temporal bone: Squama temporalis (Articular tubercle | Suprameatal triangle | Mandibular fossa | Petrotympanic fissure) | Mastoid portion (Mastoid foramen | Mastoid process | Mastoid notch | Occipital groove | Sigmoid sulcus | Mastoid antrum) | Petrous portion (Hiatus of the facial canal | Internal auditory meatus | Subarcuate fossa | Carotid canal | Aqueduct of cochlea | Jugular fossa | Inferior tympanic canaliculus | Mastoid canaliculus | Styloid process | Stylomastoid foramen | Jugular foramen | Petrosquamous suture) | Tympanic part (Suprameatal spine) The temporal bones (os temporales) are situated at the sides and base of the skull. ... The squama of the temporal bone forms the anterior and upper part of the bone, and is scale-like, thin, and translucent. ... The anterior root of the posterior end of the outer surface of the Squama temporalis, continuous with the lower border, is short but broad and strong; it is directed medialward and ends in a rounded eminence, the articular tubercle (eminentia articularis). ... In the temporal bone, between the posterior wall of the external acoustic meatus and the posterior root of the zygomatic process is the area called the suprameatal triangle, or mastoid fossa, through which an instrument may be pushed into the tympanic antrum. ... In the temporal bone, the mandibular fossa (glenoid fossa) is bounded, in front, by the articular tubercle; behind, by the tympanic part of the bone, which separates it from the external acoustic meatus; it is divided into two parts by a narrow slit, the petrotympanic fissure (Glaserian fissure). ... The mandibular fossa is bounded, in front, by the articular tubercle; behind, by the tympanic part of the bone, which separates it from the external acoustic meatus; it is divided into two parts by a narrow slit, the petrotympanic fissure (Glaserian fissure). ... It has been suggested that this article or section be merged with Mastoid process. ... The outer surface of the temporal bone is perforated by numerous foramina; one of these, of large size, situated near the posterior border, is termed the mastoid foramen; it transmits a vein to the transverse sinus and a small branch of the occipital artery to the dura mater. ... The mastoid process (or mastoid bone) is a conical bump of the posterior portion of the temporal bone that is situated behind the ear in humans and many other vertebrates and serves as a site of neck muscle attachment (the Sternocleidomastoid, Splenius capitis, and Longissimus capitis). ... On the medial side of the mastoid process is a deep groove, the mastoid notch (digastric fossa), for the attachment of the Digastricus. ... On the medial side of the mastoid process of the temporal bone is a deep groove, the mastoid notch (digastric fossa), for the attachment of the Digastricus; medial to this is a shallow furrow, the occipital groove, which lodges the occipital artery. ... The inner surface of the mastoid portion of the temporal bone presents a deep, curved groove, the sigmoid sulcus, which lodges part of the transverse sinus; in it may be seen the opening of the mastoid foramen. ... Mastoid antrum (or tympanic antrum) is a cavity in the petrous portion of the temporal bone, communicating posteriorly with the mastoid cells and anteriorly with the epitympanic recess of the middle ear via the aperture of the mastoid antrum. ... The petrous portion of the temporal bone or pyramid is pyramidal and is wedged in at the base of the skull between the sphenoid and occipital. ... A shallow groove, sometimes double, leading lateralward and backward to an oblique opening, the hiatus of the facial canal, for the passage of the greater superficial petrosal nerve and the petrosal branch of the middle meningeal artery. ... Near the center of the posterior surface of the temporal bone is a large orifice, the internal acoustic meatus (or internal auditory meatus), the size of which varies considerably; its margins are smooth and rounded, and it leads into a short canal, about 1 cm. ... In the temporal bone, above and between the aquæductus vestibuli is an irregular depression which lodges a process of the dura mater and transmits a small vein; in the infant this depression is represented by a large fossa, the subarcuate fossa, which extends backward as a blind tunnel under... On the interior surface of the temporal bone, behind the rough surface of the apex, is the large circular aperture of the carotid canal, which ascends at first vertically, and then, making a bend, runs horizontally forward and medialward; it transmits into the cranium the internal carotid artery, and the... Medial to the opening for the carotid canal and close to its posterior border, in front of the jugular fossa, is a triangular depression; at the apex of this is a small opening, the aquaeductus cochleae (or cochlear aqueduct, or aqueduct of cochlea), which lodges a tubular prolongation of the... In the temporal bone, behind the openings for the carotid canal and the aquæductus cochleæ is a deep depression, the jugular fossa, of variable depth and size in different skulls; it lodges the bulb of the internal jugular vein. ... In the bony ridge dividing the carotid canal from the jugular fossa is the small inferior tympanic canaliculus for the passage of the tympanic branch of the glossopharyngeal nerve. ... In the lateral part of the jugular fossa of the temporal bone is the mastoid canaliculus for the entrance of the auricular branch of the vagus nerve. ... The introduction to this article provides insufficient context for those unfamiliar with the subject matter. ... Between the styloid and mastoid processes is the stylomastoid foramen; it is the termination of the facial canal, and transmits the facial nerve and stylomastoid artery. ... Behind the carotid canal is the jugular foramen, a large aperture, formed in front by the petrous portion of the temporal, and behind by the occipital; it is generally larger on the right than on the left side, and may be subdivided into three compartments. ... The Petrosquamous suture is a cranial suture between the petrous portion and the squama of the temporal bone. ... The tympanic part of the temporal bone is a curved plate of bone lying below the squama and in front of the mastoid process. ... The inner end of the external acoustic meatus is closed, in the recent state, by the tympanic membrane; the upper limit of its outer orifice is formed by the posterior root of the zygomatic process, immediately below which there is sometimes seen a small spine, the suprameatal spine, situated at...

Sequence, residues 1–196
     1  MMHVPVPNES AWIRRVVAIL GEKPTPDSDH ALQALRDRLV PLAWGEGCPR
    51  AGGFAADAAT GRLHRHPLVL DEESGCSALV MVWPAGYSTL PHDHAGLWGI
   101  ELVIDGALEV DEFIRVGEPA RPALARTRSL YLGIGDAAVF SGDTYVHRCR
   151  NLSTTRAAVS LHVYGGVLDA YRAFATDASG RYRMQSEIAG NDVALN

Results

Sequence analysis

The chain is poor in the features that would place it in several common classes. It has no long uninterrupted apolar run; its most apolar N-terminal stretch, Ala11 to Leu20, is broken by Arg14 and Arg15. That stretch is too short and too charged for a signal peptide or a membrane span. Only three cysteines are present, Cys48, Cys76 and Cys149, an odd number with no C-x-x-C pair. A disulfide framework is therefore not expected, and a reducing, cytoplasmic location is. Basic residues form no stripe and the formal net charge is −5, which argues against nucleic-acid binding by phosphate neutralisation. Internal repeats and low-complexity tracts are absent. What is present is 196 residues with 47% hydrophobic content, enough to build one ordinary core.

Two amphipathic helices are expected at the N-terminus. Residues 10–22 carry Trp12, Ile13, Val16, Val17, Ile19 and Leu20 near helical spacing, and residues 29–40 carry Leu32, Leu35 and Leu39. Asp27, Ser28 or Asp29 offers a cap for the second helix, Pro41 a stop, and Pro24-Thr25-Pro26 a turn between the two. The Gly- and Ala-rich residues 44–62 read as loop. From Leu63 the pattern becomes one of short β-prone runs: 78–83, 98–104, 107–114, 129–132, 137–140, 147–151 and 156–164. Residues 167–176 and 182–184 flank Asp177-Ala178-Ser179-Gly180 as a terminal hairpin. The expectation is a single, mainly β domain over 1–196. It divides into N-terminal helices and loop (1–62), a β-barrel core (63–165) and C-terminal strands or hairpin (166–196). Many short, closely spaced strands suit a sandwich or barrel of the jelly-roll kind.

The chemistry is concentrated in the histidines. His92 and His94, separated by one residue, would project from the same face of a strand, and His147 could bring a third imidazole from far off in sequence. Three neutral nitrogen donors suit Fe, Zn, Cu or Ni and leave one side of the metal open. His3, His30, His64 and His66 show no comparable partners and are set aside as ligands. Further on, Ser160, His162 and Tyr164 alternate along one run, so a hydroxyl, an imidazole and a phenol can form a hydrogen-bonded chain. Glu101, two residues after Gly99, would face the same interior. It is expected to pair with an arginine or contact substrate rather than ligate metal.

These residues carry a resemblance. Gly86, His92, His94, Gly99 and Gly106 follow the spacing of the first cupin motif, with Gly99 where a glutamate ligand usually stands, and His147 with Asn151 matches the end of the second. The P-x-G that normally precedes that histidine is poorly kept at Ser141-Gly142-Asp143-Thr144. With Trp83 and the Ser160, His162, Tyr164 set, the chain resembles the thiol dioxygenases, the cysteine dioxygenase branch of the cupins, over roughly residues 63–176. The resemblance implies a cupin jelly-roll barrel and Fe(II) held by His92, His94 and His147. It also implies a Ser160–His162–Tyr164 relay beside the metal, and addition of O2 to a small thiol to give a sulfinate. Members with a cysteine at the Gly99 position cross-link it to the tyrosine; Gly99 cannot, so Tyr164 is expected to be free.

sphenoid bone: Sphenoidal sinuses | Ethmoidal spine | Optic foramen | Sella turcica | Fossa hypophyseos | Dorsum sellae | Posterior clinoid processes | Carotid groove | Lingula sphenoidalis | Sphenoidal conchæ | Great wings (Spina angularis | Foramen rotundum | Foramen ovale | Foramen Vesalii | Foramen spinosum | Infratemporal crest | Sulcus tubae auditivae | Small wings | Superior orbital fissure | Anterior clinoid process | Optic foramen) | Pterygoid processes (Pterygoid fossa | Scaphoid fossa | Lateral pterygoid plate | Medial pterygoid plate | Pterygoid hamulus | Sphenoidal conchæ | Sphenoidal sinuses) Figure 1 : Sphenoid bone, upper surface. ... The Sphenoidal Sinuses (or sphenoid) contained within the body of the sphenoid vary in size and shape; owing to the lateral displacement of the intervening septum they are rarely symmetrical. ... The superior surface of the body of the sphenoid bone (Fig. ... The superior surface of the sphenoid bone is bounded behind by a ridge, which forms the anterior border of a narrow, transverse groove, the chiasmatic groove (optic groove), above and behind which lies the optic chiasma; the groove ends on either side in the optic foramen, which transmits the optic... The Sella turcica (literally Turkish saddle) is a saddle-shaped depression in the sphenoid bone at the base of the human skull. ... In the sphenoid bone, behind the chiasmatic groove is an elevation, the tuberculum sellæ; and still more posteriorly, a deep depression, the sella turcica, the deepest part of which lodges the hypophysis cerebri and is known as the fossa hypophyseos (or fossa hypophysialis). ... In the sphenoid bone, the anterior boundary of the sella turcica is completed by two small eminences, one on either side, called the middle clinoid processes, while the posterior boundary is formed by a square-shaped plate of bone, the dorsum sellæ, ending at its superior angles in two tubercles... In the sphenoid bone, the anterior boundary of the sella turcica is completed by two small eminences, one on either side, called the middle clinoid processes, while the posterior boundary is formed by a square-shaped plate of bone, the dorsum sellæ, ending at its superior angles in two tubercles... Above the attachment of each great wing of the sphenoid bone is a broad groove, curved something like the italic letter f; it lodges the internal carotid artery and the cavernous sinus, and is named the carotid groove. ... Along the posterior part of the lateral margin of the carotid groove of the sphenoid bone, in the angle between the body and great wing, is a ridge of bone, called the lingula. ... The sphenoidal conchæ (sphenoidal turbinated processes) are two thin, curved plates, situated at the anterior and lower part of the body of the sphenoid. ... The great wings of the sphenoid, or ali-sphenoids, are two strong processes of bone, which arise from the sides of the body, and are curved upward, lateralward, and backward; the posterior part of each projects as a triangular process which fits into the angle between the squama and the... The great wings, or ali-sphenoids, are two strong processes of bone, which arise from the sides of the body, and are curved upward, lateralward, and backward; the posterior part of each projects as a triangular process which fits into the angle between the squama and the petrous portion of... At th anterior and medial part of the Sphenoid is a circular aperture, the foramen rotundum, for the transmission of the maxillary nerve. ... At the base of the skull the foramen ovale is a hole that transmits the mandibular nerve, the otic ganglion, the accessory meningeal artery, emissary veins (from the cavernous sinus to the pterygoid plexus) and the lesser superficial petrosal nerve. ... In the base of the skull, in the great wings of the sphenoid bone, medial to the foramen ovale, a small aperture, the foramen Vesalii, may occasionally be seen (it is often absent) opposite the root of the pterygoid process. ... The foramen spinosum is the foramen in the skull that permits the passage of the middle meningeal artery. ... The lateral surface of the great wing is convex, and divided by a transverse ridge, the infratemporal crest, into two portions. ... The lateral half of the great wing articulates, by means of a synchondrosis, with the petrous portion of the temporal, and between the two bones on the under surface of the skull, is a furrow, the sulcus tubæ, for the lodgement of the cartilaginous part of the auditory tube. ... The small wings of the sphenoid or orbito-sphenoids are two thin triangular plates, which arise from the upper and anterior parts of the body, and, projecting lateralward, end in sharp points [Fig. ... The superior orbital fissure is a foramen in the skull, although strictly it is more of a cleft, lying between the lesser and greater wings of the sphenoid bone. ... In the sphenoid bone, the posterior border, smooth and rounded, is received into the lateral fissure of the brain; the medial end of this border forms the anterior clinoid process, which gives attachment to the tentorium cerebelli; it is sometimes joined to the middle clinoid process by a spicule of... The superior surface of the sphenoid bone is bounded behind by a ridge, which forms the anterior border of a narrow, transverse groove, the chiasmatic groove (optic groove), above and behind which lies the optic chiasma; the groove ends on either side in the optic foramen, which transmits the optic... The pterygoid processes of the sphenoid, one on either side, descend perpendicularly from the regions where the body and great wings unite. ... The Pterygoid fossa, or the sphenoid bone is wedged between several other bones in the front of the cranium. ... In the pterygoid processes of the sphenoid, above the pterygoid fossa is a small, oval, shallow depression, the scaphoid fossa, which gives origin to the Tensor veli palatini. ... The lateral pterygoid plate of the sphenoid (or lateral lamina of pterygoid process) is broad, thin, and everted; its lateral surface forms part of the medial wall of the infratemporal fossa, and gives attachment to the Pterygoideus externus; its medial surface forms part of the pterygoid fossa, and gives attachment... The medial pterygoid plate of the sphenoid is narrower and longer than the lateral pterygoid plate; it curves lateralward at its lower extremity into a hook-like process, the pterygoid hamulus, around which the tendon of the Tensor veli palatini glides. ... The medial pterygoid plate of the sphenoid curves lateralward at its lower extremity into a hook-like process, the pterygoid hamulus, around which the tendon of the Tensor veli palatini glides. ... The sphenoidal conchæ (sphenoidal turbinated processes) are two thin, curved plates, situated at the anterior and lower part of the body of the sphenoid. ... The Sphenoidal Sinuses (or sphenoid) contained within the body of the sphenoid vary in size and shape; owing to the lateral displacement of the intervening septum they are rarely symmetrical. ...